A group of Al Jazeera journalists who disappeared 10 days ago in Yemen have been freed by their kidnappers.

Correspondent Hamdi al-Bokari, cameraman Abdulaziz al-Sabri, and driver Moneer al-Sabai were taken while filming in the besieged city of Taiz for Al Jazeera Arabic.

Reporters Without Borders calls Yemen one of the most dangerous countries in the world for journalists, with at least 17 media workers held by armed groups.

The identity of the kidnappers was still not clear, but Hamdi's Facebook posts after his release suggested they could have been Houthi rebels.

The Houthi movement - which controls much of northern Yemen, including the capital Sanaa -  is trying to hold off government forces and troops from an Arab coalition from capturing the strategic city in central Yemen.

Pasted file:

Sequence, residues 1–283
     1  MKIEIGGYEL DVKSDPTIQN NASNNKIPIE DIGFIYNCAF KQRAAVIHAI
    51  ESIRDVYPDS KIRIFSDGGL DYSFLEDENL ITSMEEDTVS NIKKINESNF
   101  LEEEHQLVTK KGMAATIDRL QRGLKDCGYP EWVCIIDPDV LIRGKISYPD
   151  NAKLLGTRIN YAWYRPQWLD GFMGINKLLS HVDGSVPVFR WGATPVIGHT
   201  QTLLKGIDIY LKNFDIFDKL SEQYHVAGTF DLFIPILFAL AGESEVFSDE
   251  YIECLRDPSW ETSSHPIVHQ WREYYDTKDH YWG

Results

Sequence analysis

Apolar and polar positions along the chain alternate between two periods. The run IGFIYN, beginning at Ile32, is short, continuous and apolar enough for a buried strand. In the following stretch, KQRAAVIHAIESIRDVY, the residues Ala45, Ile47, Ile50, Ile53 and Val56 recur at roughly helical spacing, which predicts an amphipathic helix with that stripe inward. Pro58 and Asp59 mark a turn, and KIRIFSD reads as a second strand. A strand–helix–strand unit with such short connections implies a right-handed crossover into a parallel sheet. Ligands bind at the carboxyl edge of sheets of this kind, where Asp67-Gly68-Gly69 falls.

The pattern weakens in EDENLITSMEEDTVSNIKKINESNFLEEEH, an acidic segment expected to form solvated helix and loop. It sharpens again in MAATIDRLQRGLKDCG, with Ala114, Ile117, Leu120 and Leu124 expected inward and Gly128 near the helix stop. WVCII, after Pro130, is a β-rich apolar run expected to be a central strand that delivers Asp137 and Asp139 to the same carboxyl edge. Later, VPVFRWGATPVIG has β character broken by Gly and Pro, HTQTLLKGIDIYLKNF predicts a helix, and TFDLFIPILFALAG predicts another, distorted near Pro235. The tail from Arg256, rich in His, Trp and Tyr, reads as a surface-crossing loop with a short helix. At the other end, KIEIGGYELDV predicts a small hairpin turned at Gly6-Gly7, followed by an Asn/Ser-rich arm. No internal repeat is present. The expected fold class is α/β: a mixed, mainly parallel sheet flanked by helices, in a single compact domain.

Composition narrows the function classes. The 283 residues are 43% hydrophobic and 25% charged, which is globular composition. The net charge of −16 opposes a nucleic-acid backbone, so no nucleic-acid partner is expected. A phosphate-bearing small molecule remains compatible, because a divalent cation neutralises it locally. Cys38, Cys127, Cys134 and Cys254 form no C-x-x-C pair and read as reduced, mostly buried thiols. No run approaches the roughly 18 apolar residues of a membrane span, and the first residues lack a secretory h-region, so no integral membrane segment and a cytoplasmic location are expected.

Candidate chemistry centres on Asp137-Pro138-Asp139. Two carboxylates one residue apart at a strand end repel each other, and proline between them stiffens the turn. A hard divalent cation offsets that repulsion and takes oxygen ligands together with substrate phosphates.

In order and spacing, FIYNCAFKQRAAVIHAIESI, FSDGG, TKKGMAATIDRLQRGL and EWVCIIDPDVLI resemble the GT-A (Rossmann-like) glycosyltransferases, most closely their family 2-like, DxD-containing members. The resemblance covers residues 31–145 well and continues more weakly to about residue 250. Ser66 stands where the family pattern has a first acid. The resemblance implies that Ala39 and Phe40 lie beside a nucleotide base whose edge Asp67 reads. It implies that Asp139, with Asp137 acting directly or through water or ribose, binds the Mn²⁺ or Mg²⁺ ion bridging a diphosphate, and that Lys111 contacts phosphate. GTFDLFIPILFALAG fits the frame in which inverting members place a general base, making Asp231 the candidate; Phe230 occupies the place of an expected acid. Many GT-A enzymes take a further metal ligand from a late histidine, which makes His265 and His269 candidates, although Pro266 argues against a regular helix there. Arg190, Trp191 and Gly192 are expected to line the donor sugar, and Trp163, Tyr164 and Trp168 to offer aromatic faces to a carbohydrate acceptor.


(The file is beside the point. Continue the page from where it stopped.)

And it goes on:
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Taiz is the latest flashpoint in the conflict, which began in 2015 after Houthi forces swept across the country's south, taking the port city of Aden and forcing President Abd-Rabbu Mansour Hadi to flee.

The advance prompted intervention by a coalition of Arab and Muslim states led by Saudi Arabia.

Capturing Taiz would allow pro-government forces to advance on Sanaa and further to the Houthi strongholds that straddle the border with Saudi Arabia.

The ongoing siege has led to a humanitarian crisis in the city, with hospitals running low on supplies and food scarce.

Yemen faces humanitarian crisis amid conflict

Source: Al Jazeera